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SUTD's mobile app gets special mention
A DIGITAL solution designed by Singapore University of Technology and Design (SUTD) professor Lyle Fearnley and his engineering colleagues Poon King Wang and Andy Zheng has got special mention at this year's SG Mark awards.
The digital solution called "Honk!" is a mobile application that its designers say proves that the traditional karung guni (rag and bone) trade and modern technology can converge. Named after the iconic handheld horn used by such traders to alert residents of their presence, the app connects households directly with traders through their smart phones to deal in the sale and collection of second hand goods or recyclable waste.
The designers of the mobile app say that it aims to support and sustain Singapore's heritage recycling economy, traditionally known as the karung guni trade, in order to simultaneously increase the domestic recycling rate and improve economic opportunities for small scale, mostly elderly recycling entrepreneurs.
"Remarkably, around 90 per cent of Singapore's domestic recycled waste is collected by informal karung guni, not government contracted public waste collectors (PWCs). Yet many still believe the karung guni is a vanishing trade that will be unable to keep up with rising transport costs and emerging technologies. We designed and built Honk! to challenge the assumption that traditional trades and technological futures can't be put together," say the designers of the new mobile app.
The karung guni men travel block to block, honking their hand-held horn to notify residents of their presence. "Our mobile app Honk! built for Android and IoS devices, utilises cellular network technology to allow households and the karung guni men to connect and initiate trades in the 'data cloud'. With GPS to provide location data for both karung guni and households, photo snap posting of items, notification 'honks' and advance scheduling, the Honk! app expands and streamlines the karung guni economy for the digital era. Honk! turns waste into environmental treasure," they add.
Talking about the inspiration for creating this app, Dr Fearnley said: "I am a social scientist, more precisely a cultural anthropologist. Anthropologists don't usually develop apps or technologies of any kind. For me and several colleagues, the initial inspiration came from a social science study we conducted of Singapore households' waste recycling practices.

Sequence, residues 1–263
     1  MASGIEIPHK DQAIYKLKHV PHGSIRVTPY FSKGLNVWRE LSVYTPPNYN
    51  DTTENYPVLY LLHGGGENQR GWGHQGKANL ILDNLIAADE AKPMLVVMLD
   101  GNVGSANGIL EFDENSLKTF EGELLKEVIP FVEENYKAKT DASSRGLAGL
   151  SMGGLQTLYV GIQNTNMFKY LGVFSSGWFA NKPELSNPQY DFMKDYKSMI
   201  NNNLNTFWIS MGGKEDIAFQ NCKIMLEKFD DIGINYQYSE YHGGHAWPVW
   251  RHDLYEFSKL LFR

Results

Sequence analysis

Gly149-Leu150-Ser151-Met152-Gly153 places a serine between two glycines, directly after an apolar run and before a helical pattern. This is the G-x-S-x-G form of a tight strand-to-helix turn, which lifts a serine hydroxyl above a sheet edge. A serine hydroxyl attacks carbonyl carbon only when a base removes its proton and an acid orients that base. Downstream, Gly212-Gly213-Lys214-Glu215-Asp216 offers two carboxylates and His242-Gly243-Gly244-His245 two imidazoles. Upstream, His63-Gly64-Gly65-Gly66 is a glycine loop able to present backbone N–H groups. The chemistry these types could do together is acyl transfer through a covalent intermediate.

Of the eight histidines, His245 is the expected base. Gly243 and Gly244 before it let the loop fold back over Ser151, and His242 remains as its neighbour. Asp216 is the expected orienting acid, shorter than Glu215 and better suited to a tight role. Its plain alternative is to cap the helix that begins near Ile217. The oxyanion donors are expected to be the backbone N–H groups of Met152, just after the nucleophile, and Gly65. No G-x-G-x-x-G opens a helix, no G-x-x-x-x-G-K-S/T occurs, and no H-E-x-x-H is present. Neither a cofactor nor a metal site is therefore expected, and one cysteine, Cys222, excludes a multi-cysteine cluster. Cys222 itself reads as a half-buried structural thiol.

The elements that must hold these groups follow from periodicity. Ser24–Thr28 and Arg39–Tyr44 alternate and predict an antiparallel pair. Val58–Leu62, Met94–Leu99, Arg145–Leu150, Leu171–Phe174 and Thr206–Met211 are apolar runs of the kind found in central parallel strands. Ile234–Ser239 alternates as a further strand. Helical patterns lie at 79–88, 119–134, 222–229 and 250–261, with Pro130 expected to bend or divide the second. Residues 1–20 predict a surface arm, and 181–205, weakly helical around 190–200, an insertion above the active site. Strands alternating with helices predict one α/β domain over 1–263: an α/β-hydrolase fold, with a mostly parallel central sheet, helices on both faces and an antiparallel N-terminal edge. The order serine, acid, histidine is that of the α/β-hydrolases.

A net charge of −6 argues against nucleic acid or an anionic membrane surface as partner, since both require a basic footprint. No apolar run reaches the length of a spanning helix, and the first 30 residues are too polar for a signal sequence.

"In our interviews and fieldwork, one of the things that we found interesting was that despite the oft cited challenges of recycling in Singapore, many people do recycle, but in informal ways, such as reusing cardboard boxes, selling newspapers to karung guni or donating clothes to charity, rather than depositing things in the blue bins provided by the National Recycling Programme (NRP).
"At the same time, many people - even some karung guni collectors that we interviewed - kept repeating that karung guni is a vanishing trade. We wondered if there was a way to intervene to keep this traditional form of recycling going. More recently, the importance of doing so was highlighted by the statistics reported in The Straits Times that the informal sector currently collects nine times more domestic waste for recycling than the NRP. What would happen if that vanishes?"
Meanwhile, Dr Fearnley's engineering colleagues at SUTD's Lee Kuan Yew Centre for Innovative Cities (LKYCIC), Poon King Wang and Andy Zheng, were working on a separate research project on living with technology and the future of work. After some casual conversations, they had the idea to explore using current digital city technologies like smart phones, mobile apps and databases to redesign the informal recycling sector, including karung guni and charities.
"We applied with this proposal to the SUTD-MIT International Design Centre, and with funding from them we began the design and development process. Our goal was to develop a digital platform that would increase recycling rates, but do so by building on and redesigning - not disrupting - the existing karung guni social system," says Dr Fearnley.
Sharing how the app works, he says that it is designed to work like a taxi booking app (like Grab) but connects households with mobile karung guni collectors and charities. Household residents can photo post items that they want to recycle. Karung guni will see these items listed on a realtime map of Singapore, and can follow-up by contacting the seller through SMS or phone.